Organizers say the number of protesters have steadily increased at the State Capitol rotunda… so have the number of arrests and citations. Today, Capitol police arrested and cited 20 more protesters for gathering without a permit. One organizer of the “Solidarity Sing-Along” says despite the number of tickets being issued, they are constitutionally protected and the protests will continue until Governor Scott Walker is no longer in office. 


Election officials have approved a new rule to keep poll observers at least six feet from voters. In a unanimous vote, the rule would prevent observers from being near voting tables where voters give their name and address, but no further than 12 feet. While observers will be allowed at the open polls, they would be prohibited from using cellphones and cameras. The Government Accountability Board says the new rule now awaits approval in the legislature.


Wisconsin U.S. Senator Tammy Baldwin (D-Madison) says she is sponsoring legislation to strengthen research and innovation. Senator Baldwin spoke about The Next Generation Research Act, during a visit with researchers at the Medical College of Wisconsin today. Senator Baldwin says it’s a policy bill that will improve the way research dollars are allocated - not a funding bill. She adds the Senate bill is receiving strong bipartisan support and she is looking for Republican co-sponsors.  


Small businesses in Wisconsin could sell stock shares online to potential investors, under a new bill announced today. Republican lawmakers are seeking co-sponsors for a measure to allow so-called “crowd-funding.” The concept allows people to donate money online at sites like Kick-starter. The funds would help a business owner or project creator. The Wisconsin measure would allow small companies to sell up to two-million dollars in crowd-funding. David Dupee runs a crowd-funding platform out of Milwaukee, to raise money for craft brewers throughout the country. He says Wisconsin can be a pioneer in the concept, because only two other states have passed laws which allow crowd-funding.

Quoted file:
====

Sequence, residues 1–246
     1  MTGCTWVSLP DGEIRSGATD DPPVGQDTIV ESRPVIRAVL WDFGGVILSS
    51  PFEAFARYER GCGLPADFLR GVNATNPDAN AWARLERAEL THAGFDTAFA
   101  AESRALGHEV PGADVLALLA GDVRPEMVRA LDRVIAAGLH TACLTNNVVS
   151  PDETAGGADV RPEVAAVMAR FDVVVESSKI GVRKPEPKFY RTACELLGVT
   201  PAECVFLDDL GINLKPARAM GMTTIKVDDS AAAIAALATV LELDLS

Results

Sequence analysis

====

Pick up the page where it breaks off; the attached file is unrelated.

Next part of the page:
A Wisconsin State Assembly committee is scheduled to vote two weeks from today on a bill to end the state’s do-not-call list for telemarketers, and merge it with the national no-call list. Among other things, it would mean that Wisconsinites would no longer have to re-register for the no-call list once every two years. That’s because the national no-call list has people sign up permanently. Assembly Republican Keith Ripp of Lodi said it’s redundant to have two no-call lists. He says the measure could save $190,000 a year. Sandy Chalmers of the Consumer Protection Bureau says the money could be used for added enforcement against violators. Senate Democrat Jon Erpenbach of Middleton, who first proposed the state’s no-call list, said there might be a problem with statewide announcements that Wisconsinites with out-of-state area codes would still receive, even if they’re on the list. Jim Dick of the Consumer Protection agency said a publicity campaign could help alleviate that concern. 


If you’re looking for Governor Scott Walker this week, you probably won’t find him. The Republican Walker is on vacation all week. His spokesman, Tom Evenson, refuses to say if the governor is vacationing in Wisconsin, or outside the state. The time-off comes after Walker hosted the National Governors Association conference in Milwaukee, attended a number of events at the Wisconsin State Fair, and inspected storm damage in northeast Wisconsin almost a week ago. 


Freight ships that never leave the Great Lakes could get an extra two years to install new technology to treat the ballast water that keeps them afloat. Neighboring Minnesota is the only state which has ballast rules for fresh water ships. The Gopher State’s Pollution Control Agency is giving people until September 11th to comment on the delay. The agency’s Jeff Udd says the state does not believe the technology exists yet for lake boats to meet the ballast treatment mandate – but officials think the technology will be in place by 2018 when the rules would now take effect. The ballast rules are designed to curb invasive species like zebra mussels which arrive from foreign ports – as well as between Great Lakes ports. The Great Lakes shipping industry plans to oppose the new rules, saying it’s not responsible for bringing in new invasive species. Environmentalists say the guidelines should be even stronger, because of how invasive species hurt native eco-systems.